again. If they are tagged, they become a Shark
and stay in the water. The Sharks call out "Minnows",
and the game is played again until there is only one
Minnow left. This Minnow is the winner and starts
as the Shark in the next game.
You will need a minimum of four people to play this
Two children grab the ends of the towels and the
other team does the same. Put a water filled balloon
in the middle of the towel on both teams and the teams
have to throw the balloons with the towel and catch
it with the towel. The first team who drops the
balloon and it bursts loses.
Line up beside a length of a pool, (25m is ideal).
One by one each swimmer must go as far as possible underwater,
until they come up for air. Once they surface,
have them sit on the pool deck, beside the place where
they came up. The person with the biggest distance
gets a prize.
Position two targets at either end of the pool. (or
proper goals if they happen to be handy).
Rules can be improvised, but to simplify:
- Once a player holds the ball they cannot move,
either they must try to score a goal or throw the
ball to another player. All other players
are free to move, but must remain in the water (including
- Play is continuous. Except if the ball goes
onto the poolside where it is handed to the nearest
'goalkeeper' as a goal throw.
- Once a goal is scored the ball is given to the
referee to be thrown into the middle as a `toss
up' between teams, or it can be given to the goal
keeper of the side the goal was against.
Divide into two teams. Give each team the same
amount of water balloons and water soaked sponges.
Designate a race destination. The two teams start
in separate locations and try and make it to the destination
without being hit whilst at the same trying to prevent
members of the other team making it by hitting them.
If anyone is hit with a water object they become Out.
The team with the most players at the final destination
Wet T-shirt Relay
Divide into two teams and half of each team goes
to the opposite side of the pool. The first player
in line on each team is handed a large soaking wet t-shirt.
The player must put the shirt on completely before jumping
into the pool and swimming a length. Upon arrival,
the swimmer must remove the t-shirt and hand it to the
next player who must put it on and swim back.
The game continues until one team completes the relay.
This game is fun for all ages.
Trivia & Random Facts
blue whale's belly button is about 8 inches wide.
Captain Matthew Webb of England was the first
to swim the English Channel using the breaststroke.
Captain Matthew Webb was also the first man to
swim the English Channel without a life jacket.
Captin Webb later died trying to swim the rapids
above Niagara Falls.
Gertrude Ederle was still a teenager when she
became the first woman to swim the English Channel
on August 6, 1926. Not only did she swim the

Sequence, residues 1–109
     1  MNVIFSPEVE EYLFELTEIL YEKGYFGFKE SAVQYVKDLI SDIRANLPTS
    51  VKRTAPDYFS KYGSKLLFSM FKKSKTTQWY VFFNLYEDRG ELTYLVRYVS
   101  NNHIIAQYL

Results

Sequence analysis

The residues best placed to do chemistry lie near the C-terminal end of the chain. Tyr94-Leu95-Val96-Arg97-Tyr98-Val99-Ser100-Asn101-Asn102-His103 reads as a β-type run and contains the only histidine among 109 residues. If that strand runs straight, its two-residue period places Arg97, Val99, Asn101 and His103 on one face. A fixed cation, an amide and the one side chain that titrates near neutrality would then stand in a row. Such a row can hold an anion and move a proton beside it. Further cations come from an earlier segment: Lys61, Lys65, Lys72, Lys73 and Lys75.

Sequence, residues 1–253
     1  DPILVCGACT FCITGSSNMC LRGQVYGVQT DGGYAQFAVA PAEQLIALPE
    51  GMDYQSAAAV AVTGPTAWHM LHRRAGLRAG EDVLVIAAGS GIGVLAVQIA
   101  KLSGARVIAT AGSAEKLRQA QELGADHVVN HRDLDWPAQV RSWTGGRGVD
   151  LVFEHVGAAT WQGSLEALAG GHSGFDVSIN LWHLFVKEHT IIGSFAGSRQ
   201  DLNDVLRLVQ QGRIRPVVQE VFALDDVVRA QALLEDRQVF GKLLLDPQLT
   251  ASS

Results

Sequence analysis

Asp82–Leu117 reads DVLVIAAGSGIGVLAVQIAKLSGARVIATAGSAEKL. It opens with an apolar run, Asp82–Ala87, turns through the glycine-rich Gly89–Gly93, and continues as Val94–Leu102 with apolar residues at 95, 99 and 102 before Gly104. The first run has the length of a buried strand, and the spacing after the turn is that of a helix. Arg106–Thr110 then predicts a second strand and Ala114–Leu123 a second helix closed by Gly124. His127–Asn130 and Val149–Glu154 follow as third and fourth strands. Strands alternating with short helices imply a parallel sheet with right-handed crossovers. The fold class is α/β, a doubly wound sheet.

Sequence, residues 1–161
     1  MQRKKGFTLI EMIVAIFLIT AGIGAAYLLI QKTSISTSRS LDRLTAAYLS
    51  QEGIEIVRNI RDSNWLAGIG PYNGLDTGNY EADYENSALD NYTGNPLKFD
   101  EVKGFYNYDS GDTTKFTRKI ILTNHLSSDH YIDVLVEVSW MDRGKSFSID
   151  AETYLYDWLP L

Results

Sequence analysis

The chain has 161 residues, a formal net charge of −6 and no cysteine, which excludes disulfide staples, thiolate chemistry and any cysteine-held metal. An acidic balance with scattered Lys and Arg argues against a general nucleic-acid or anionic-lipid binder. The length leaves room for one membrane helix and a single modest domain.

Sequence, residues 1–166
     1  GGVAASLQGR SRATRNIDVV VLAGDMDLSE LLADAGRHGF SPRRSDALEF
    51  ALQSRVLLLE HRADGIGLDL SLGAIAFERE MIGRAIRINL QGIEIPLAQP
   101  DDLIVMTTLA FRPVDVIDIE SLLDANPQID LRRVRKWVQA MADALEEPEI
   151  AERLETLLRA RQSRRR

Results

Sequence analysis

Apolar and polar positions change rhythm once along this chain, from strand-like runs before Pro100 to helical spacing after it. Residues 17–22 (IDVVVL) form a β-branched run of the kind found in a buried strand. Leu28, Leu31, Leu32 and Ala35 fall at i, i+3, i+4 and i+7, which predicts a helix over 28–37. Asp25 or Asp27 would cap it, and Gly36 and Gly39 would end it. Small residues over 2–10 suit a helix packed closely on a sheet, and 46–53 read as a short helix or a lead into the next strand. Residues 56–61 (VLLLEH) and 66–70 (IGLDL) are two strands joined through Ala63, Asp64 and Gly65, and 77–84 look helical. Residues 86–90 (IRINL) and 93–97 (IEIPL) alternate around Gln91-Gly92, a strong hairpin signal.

channel, but she also broke the speed record previously
held by a man.
At the second modern Olympic Games contested
in Paris in 1900, the most unusual event to be held
was underwater swimming. It was decided prior
to the competition that two points would be awarded
for each metre swum underwater. In addition,
one point was added to the scoring of each individual
for every second they stayed below the surface.
Much to the delight of the locals, Frenchman Charles
de Venderville won the event swimming 60 metres
and staying submerged for 1min 8.4sec. Denmark's
Peder Lykkeberg stayed underwater for a longer period,
one and a half minutes, but only managed to travel
28.5 metres. This was the first and only time
underwater swimming was held at the Olympic Games.
Right now as you sit reading this, more than
100,000,000 micro creatures are swimming, feeding,
reproducing, and depositing waste inside the area
behind your lips.
The average human produces 24,000 litres of spit
in a lifetime, enough to fill two swimming pools.
Some hotels in Las Vegas have gambling tables
floating in their swimming pools.
Pianist Yanni was formally a member of the Greek
National Swimming Team.
The first woman to break the 1 minute barrier
in the 100 yards freestyle was Helene Madison of
Seattle in 1932.
Don Schollander was the first person to break
two minutes in the 200m freestyle in 1963 with a
In 1924, Sybil Bauer became the first woman to
break an existing men's record, when she won the
200 metre backstroke at the Olympic Games.
In some volcanic areas such as Iceland, the temperature
beneath the earths surface rises as high as 360
degrees celcius. Engineers can tap the geothermal
energy by piping hot water from underground to warm
nearby homes, offices and factories. An outdoor
swimming pool in the Icelandic capital of Reykjavik
is heated so effectively by this method that it
remains open and in use all year round.
Divers in the 1300's made goggles from polished,
clear tortoise shell. The first rubber goggles,
which had heavy glass lenses, were invented in the
On average, sardines live to be 14 years old.
At the 1972 Olympic Games, Steve Genter suffered
a collapsed lung only days before his event.
Swimming without the consent of his doctors he went
on to claim silver in the 200 metre freestyle and
a bronze in the 400 metre freestyle.
Australian swimmer Dawn Fraser startled the Japanese
at Tokyo when she climbed the flagpole at the emperor's
palace to take the flag as a souvenir! She
paid a heavy price for this misdemeanour as she
was banned from swimming for 10 years. The
ban was later reduced to four years.
for Distance was a short-lived Olympic event.
Contestants began with a standing dive into a swimming
pool where they remained motionless for 60 seconds
or until they ran out of breath. The length
of their dive was then measured. The event
was introduced at the St Louis Games of 1904 and
the gold medal went to William Dickey of the United
States with a modest plunge of 19.05 metres.